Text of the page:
That's exactly where I was, thirteen years ago. My husband was starting graduate school. I was going to work until he was done with that, then we were going to have some kids. Probably four.

It didn't work out quite like that. We had kids right away, and lots of 'em.

You look at me and my kids. All my kids. All my so, so many kids. And maybe you think whew, plenty of time for that later. Or maybe you think, jeesh, I could never do that. Or maybe you cry a single tear, because "the environment," and "me time."

But, suffice to say, whatever your reasons, you don't want kids right yet. And anyway, you know that if you don't take steps to stop them from coming, you will have twelve children. Maybe fourteen. Maybe sixty-nine. Everyone knows that. 

First comes love, then comes marriage, then comes the baby in the baby carriage. It's right there in the song. So, you'll have to do SOMETHING or you'll have a perfectly ridiculous number of children. Everyone knows that.



So, you learn NFP. And you do NFP. Or, maybe you decide that the having and not having of children is too important to trust to the old-fashioned teachings of the Catholic Church. So you resort to other measures to make sure you don't have all those children.

But here's the thing. It's actually pretty unlikely that you were ever going to have as many kids as I do. 

What I observe is that it's MUCH more likely that you won't have as many children as you'd like to have.

I get emails every week from women who always thought they'd have children, or more children. I get requests for prayers, and for support, and for sympathy. I get stopped in stores by women who tell me they wish they could have had a big family, but they weren't able to.

There is a general perception that the only thing keeping every woman of childbearing age from having fourteen children, is some method of family planning. But the facts really don't support that perception.

The total fertility rate in the United States after World War II peaked at about 3.8 children per woman in the late 1950s. In 1999 it was at 2 children, almost exactly the same total fertility rate as the period of 1930-1939. Certainly, there were forms of artificial birth control available then. The Lambeth Conference in the Anglican Church, which took place in 1930, ushered in Protestant acceptance of birth control. But it took a long time for that teaching, which they intended to be narrow, to be accepted and implemented by everyone. So it's likely that, for the majority of American women at that time, two children was just all they were able to have.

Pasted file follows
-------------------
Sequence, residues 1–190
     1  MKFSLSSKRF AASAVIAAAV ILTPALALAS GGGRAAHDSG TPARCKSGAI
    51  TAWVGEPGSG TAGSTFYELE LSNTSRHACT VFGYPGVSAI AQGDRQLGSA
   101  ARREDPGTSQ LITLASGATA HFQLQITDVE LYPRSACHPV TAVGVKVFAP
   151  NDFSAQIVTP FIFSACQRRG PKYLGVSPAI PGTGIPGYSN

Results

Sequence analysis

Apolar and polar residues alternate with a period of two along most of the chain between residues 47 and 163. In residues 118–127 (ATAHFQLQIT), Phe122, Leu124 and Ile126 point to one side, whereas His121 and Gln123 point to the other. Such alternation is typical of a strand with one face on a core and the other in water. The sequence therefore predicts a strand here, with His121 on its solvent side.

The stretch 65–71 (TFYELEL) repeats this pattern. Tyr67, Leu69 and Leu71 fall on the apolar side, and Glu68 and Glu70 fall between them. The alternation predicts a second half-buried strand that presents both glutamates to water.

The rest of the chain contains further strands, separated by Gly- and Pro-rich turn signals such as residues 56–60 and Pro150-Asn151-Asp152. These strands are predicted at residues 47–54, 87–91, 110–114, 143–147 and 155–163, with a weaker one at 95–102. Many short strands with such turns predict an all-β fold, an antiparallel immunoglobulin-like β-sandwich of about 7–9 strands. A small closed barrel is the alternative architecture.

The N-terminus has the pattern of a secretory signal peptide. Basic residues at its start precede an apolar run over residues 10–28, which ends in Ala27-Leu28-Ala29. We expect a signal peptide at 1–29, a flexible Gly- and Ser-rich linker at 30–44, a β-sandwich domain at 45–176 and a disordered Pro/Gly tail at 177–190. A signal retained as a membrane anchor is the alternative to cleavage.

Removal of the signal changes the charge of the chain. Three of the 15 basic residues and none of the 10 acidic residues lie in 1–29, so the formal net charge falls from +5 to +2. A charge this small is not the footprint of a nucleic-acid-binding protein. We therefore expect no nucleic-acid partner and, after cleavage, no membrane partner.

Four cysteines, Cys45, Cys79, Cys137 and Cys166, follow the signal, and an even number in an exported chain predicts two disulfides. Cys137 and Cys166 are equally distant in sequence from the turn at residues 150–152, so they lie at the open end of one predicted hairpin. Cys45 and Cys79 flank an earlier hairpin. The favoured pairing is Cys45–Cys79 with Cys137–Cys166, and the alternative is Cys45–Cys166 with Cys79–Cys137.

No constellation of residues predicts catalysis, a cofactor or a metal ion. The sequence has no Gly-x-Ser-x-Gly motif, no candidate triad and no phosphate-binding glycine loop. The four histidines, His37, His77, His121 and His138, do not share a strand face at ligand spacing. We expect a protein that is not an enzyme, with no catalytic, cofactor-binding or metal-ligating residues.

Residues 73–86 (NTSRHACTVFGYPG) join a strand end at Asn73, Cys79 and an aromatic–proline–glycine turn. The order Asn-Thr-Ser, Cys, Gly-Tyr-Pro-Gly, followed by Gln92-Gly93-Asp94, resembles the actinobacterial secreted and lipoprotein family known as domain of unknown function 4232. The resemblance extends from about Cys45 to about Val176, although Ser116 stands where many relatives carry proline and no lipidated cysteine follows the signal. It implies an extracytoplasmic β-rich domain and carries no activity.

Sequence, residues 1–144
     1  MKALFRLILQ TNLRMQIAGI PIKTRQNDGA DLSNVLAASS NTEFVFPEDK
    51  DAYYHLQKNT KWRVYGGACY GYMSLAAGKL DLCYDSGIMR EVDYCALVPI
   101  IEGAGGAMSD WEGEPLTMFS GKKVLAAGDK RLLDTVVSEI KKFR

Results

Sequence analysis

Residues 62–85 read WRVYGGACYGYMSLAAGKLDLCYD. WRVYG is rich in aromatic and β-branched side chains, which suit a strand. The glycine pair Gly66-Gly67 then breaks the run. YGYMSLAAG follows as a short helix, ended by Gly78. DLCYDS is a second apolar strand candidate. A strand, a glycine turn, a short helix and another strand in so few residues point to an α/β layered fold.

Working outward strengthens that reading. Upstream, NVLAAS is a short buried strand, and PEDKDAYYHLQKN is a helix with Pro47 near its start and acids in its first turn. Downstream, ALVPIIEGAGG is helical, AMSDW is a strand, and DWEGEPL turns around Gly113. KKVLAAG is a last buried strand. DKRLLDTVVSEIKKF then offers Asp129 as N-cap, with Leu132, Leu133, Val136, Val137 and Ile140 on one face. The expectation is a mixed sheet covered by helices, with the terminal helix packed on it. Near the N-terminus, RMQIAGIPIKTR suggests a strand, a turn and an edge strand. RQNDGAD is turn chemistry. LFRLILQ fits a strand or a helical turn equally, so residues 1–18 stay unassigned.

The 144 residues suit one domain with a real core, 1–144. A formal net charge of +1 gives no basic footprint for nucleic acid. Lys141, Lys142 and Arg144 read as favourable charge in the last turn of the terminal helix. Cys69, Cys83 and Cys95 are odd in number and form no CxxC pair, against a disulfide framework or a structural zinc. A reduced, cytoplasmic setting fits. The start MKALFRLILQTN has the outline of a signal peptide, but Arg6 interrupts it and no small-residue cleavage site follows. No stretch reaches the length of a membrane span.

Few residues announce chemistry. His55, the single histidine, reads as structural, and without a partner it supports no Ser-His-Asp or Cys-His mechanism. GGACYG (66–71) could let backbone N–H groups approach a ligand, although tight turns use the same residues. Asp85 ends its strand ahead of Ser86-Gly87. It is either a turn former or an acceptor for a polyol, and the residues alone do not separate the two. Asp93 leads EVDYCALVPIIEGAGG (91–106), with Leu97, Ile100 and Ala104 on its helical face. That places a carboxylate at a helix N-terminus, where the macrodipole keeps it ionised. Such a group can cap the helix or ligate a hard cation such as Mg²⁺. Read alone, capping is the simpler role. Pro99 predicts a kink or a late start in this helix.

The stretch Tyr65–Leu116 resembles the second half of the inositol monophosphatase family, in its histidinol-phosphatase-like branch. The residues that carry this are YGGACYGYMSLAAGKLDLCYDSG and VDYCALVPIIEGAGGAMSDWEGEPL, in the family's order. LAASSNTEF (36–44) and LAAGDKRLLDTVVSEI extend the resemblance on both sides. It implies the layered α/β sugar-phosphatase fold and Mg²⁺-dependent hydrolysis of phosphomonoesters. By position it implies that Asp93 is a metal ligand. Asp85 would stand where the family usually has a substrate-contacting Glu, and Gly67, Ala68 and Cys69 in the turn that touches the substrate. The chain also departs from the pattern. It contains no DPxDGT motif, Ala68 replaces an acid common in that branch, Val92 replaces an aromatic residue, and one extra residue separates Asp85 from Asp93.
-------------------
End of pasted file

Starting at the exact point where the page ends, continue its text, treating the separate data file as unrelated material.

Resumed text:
I have seven children, yes. I expect I'll have another couple before this part of my life is done. You never know, of course, but it seems likely. But I, and every other crazy passenger van mom you see, we are the exception. Not the rule.

In this generation of my immediate family, there are four happily married couples. None are taking steps to prevent pregnancies. My husband and I are just taking them as they come, not seeking to achieve or avoid pregnancy. But the other three couples, who have been married for between four and nine years, are actively pursuing the having of children. 

And those other loving families have two children, and two children, and zero children.